Tuesday, 15 September 2015

New article out in IJAD - Jawitz and Perez

A new article from the Structure, Culture and Agency team is out. By Jeff Jawitz and Teresa Perez from the University of Cape Town, it presents data from a UCT case study on the attitudes of academics towards professional development with regard to the teaching role. The article is extremely valuable, firstly in its treatment of the concept of agency in institutional settings, and secondly  in the manner in which it depicts attitudes towards teaching in a climate where research is still privileged in relation to incentives, performance criteria and individual attitudes. The study is based on one institution, but the trend is representative of other data collected in the broader NRF funded study, and trends evident nationally and internationally.  Pleasingly, it suggests that the tide might be changing somewhat, as there is slightly more valuing of professional development with regard to the teaching role in this institution than previously. Whether this trend is due to the tireless efforts of those in academic development who advocate for the status of teaching, or whether it is simply the outcome of a younger generation of academics whose views on teaching and research are different to those held previously, or the result of an acknowledgement by senior managers that the incentivizing of research over teaching is having deleterious consequences - especially in a country where matriculation rates and participation in high education is inadequate - is not clear. Based on my experience at the two South African universities where I have been working in the past few years, and my engagement in national forums, I think it might be a combined outcome of all of these trends.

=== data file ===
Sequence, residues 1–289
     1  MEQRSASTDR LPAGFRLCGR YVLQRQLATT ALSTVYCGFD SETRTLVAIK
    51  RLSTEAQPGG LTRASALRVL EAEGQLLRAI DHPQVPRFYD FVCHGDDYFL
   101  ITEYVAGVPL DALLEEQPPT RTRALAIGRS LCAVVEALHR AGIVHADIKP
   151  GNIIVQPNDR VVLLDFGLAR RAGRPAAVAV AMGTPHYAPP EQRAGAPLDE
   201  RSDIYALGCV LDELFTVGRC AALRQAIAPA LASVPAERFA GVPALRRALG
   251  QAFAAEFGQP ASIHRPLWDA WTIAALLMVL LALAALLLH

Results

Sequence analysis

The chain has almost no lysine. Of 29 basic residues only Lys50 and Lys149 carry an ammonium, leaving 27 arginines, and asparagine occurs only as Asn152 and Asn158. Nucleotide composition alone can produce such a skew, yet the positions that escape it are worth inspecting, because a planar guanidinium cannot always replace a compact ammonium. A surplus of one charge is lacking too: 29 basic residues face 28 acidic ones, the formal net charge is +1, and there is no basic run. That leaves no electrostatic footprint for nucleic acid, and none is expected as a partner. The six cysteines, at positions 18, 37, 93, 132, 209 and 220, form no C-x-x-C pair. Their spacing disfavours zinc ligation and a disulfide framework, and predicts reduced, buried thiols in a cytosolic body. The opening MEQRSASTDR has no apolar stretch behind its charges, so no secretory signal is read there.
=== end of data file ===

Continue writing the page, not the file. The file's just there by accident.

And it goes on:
Here is the detail about the article: 

International Journal for Academic Development, 2015 http://dx.doi.org/10.1080/1360144X.2015.1081852

Investing in teaching development: navigating risk in a research intensive institution

It is often assumed that academics working in a research intensive university are unlikely to invest in the professional development of their teaching. Institutional structures and culture tend to undermine investment in academicsteaching role. This study, conducted at the University of Cape Town, draws on an analysis of the environment within which academics make decisions to invest in their role as teachers. While acknowledging the privileging of research embedded in the institution, a significant group of academics have found ways to assert their academic identities as teachers despite the possible consequences and risks that this position entails.